Garland Technology's PacketMAX™ Advanced Aggregators are very popular with customers that have a lot of tapped network links or a lot of tools to distribute monitor traffic to. In large environments, multiple aggregators may be needed to consolidate the tapped traffic down to a manageable number of monitor links for tools. While the Advanced Aggregators have web-based management consoles, customers are often looking for a way to simplify the management of these devices, especially when multiple devices are in place.
There are two approaches to simplifying this management process: creating a single-pane -of-glass centralized management platform, or making use of built-in Application Programming Interfaces or APIs.
Centralized Management Platform
With a centralized management platform, a dedicated web console will be used to connect into multiple devices at once, allowing the individual devices to be managed from one location. This will save time and reduce complexity in comparison to requiring administrators to log into each separate device to make changes. On the other hand, this does require customers to learn a completely new management system in addition to the other management systems their other tools are already using.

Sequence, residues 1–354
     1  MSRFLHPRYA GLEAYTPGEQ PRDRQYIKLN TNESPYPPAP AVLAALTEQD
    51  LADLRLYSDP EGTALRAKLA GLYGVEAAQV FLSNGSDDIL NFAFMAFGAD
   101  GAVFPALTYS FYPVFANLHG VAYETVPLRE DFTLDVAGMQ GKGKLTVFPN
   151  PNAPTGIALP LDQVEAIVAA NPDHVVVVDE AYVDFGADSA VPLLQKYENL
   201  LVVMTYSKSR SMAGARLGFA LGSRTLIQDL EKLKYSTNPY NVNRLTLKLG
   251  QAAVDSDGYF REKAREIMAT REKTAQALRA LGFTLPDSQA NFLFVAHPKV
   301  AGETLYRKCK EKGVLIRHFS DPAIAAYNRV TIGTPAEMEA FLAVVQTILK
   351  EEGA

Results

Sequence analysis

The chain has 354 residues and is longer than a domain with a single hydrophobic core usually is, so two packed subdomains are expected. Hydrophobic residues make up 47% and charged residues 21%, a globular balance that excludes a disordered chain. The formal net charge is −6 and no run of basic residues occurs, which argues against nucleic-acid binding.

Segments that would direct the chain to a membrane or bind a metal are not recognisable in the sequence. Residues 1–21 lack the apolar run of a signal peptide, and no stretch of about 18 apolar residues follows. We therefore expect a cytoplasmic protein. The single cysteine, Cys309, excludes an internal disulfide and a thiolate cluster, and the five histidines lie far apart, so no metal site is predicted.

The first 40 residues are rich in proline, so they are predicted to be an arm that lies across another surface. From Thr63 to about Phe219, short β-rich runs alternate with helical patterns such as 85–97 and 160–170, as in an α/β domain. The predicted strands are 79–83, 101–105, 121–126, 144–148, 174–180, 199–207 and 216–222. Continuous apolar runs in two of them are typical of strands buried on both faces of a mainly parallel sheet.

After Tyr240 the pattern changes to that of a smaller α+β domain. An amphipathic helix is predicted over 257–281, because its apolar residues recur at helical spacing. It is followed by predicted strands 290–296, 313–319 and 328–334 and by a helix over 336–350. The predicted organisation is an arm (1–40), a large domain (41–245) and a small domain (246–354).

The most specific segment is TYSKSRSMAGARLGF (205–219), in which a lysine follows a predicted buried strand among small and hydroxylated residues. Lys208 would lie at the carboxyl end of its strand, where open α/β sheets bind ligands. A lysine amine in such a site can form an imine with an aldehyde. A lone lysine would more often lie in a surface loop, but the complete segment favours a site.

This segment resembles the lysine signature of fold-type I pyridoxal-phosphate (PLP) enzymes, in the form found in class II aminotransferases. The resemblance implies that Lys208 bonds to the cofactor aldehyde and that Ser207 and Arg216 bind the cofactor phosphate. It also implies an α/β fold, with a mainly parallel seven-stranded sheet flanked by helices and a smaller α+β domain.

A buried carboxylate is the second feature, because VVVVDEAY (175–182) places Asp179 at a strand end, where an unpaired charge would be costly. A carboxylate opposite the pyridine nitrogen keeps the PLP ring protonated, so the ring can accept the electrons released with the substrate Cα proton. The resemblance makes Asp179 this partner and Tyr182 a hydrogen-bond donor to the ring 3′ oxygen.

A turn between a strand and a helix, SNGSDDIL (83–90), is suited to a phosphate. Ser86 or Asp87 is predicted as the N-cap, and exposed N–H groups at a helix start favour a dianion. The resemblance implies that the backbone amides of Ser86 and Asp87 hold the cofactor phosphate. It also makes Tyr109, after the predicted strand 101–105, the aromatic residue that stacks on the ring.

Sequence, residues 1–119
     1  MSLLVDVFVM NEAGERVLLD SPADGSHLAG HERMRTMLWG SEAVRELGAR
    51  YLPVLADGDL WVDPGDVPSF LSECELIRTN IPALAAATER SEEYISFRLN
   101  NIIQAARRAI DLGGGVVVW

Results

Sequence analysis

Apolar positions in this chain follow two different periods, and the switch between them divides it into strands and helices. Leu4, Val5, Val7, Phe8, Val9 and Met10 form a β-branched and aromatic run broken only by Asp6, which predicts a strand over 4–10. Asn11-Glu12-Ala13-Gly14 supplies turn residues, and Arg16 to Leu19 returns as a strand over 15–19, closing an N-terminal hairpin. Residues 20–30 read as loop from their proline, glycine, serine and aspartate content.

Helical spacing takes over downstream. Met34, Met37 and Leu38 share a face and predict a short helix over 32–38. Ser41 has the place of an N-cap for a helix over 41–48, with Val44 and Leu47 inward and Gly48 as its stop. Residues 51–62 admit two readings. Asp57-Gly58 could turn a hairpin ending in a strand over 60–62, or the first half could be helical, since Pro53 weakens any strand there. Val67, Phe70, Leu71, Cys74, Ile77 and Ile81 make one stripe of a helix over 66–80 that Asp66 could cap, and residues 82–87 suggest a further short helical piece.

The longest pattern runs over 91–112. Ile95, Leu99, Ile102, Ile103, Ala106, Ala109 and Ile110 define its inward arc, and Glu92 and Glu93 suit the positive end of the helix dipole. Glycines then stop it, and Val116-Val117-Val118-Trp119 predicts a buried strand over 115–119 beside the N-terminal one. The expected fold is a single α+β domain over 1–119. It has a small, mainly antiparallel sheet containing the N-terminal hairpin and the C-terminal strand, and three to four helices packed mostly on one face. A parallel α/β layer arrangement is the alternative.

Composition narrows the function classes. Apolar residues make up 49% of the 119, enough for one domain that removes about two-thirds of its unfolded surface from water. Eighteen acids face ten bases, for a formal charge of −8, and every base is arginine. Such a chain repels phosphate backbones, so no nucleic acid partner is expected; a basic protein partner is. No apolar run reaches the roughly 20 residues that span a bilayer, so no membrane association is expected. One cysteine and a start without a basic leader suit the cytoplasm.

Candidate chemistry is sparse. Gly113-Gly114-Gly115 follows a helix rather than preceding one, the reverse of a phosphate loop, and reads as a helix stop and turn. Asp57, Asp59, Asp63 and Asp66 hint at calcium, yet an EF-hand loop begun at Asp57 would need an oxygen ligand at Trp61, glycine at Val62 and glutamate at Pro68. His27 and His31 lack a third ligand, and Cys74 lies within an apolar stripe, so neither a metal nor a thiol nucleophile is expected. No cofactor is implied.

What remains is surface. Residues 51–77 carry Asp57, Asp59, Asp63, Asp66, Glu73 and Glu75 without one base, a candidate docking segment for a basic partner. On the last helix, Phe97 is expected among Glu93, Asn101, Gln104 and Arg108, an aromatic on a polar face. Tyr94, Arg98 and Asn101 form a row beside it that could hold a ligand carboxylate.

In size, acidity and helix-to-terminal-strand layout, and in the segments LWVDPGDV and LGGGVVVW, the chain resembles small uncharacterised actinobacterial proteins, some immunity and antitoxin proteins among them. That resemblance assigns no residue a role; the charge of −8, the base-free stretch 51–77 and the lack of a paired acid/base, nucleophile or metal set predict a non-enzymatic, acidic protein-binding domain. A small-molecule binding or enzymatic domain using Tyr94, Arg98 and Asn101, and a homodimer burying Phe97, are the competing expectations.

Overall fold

Application Programming Interfaces (APIs)
An API takes the features and capabilities of the Advanced Aggregator and makes them easily referenceable to developers that want to make use of them without having to learn and utilize the direct commands of the appliance's OS.
For API applications, the Advanced Aggregators use GraphQL. When a developer needs to remotely control one of the Advanced Aggregators, they'll be able to grab calls from multiple different features and organize them into a single command.
A benefit to using APIs is that you could potentially make use of a monitoring tool's existing centralized management platform to also manage the Advanced Aggregators. This could allow port maps and filters to be setup on multiple appliances without having to manually access or navigate through the Aggregator's web GUI.
For most use cases, the Advanced Aggregator will be a set-it-and-forget-it type of appliance. In these situations, the need to update or change port maps or filters will come from a change or the implementation of new tools. If this is the case, having the control to create exactly what you need on the Advanced Aggregator from the existing tool's web console would be far more beneficial than a dedicated centralized management console or using local management.
[Want to learn more about the role of Advanced Aggregators in your network? Download the EMA whitepaper: Best Practices for Building a Network Visibility Fabric]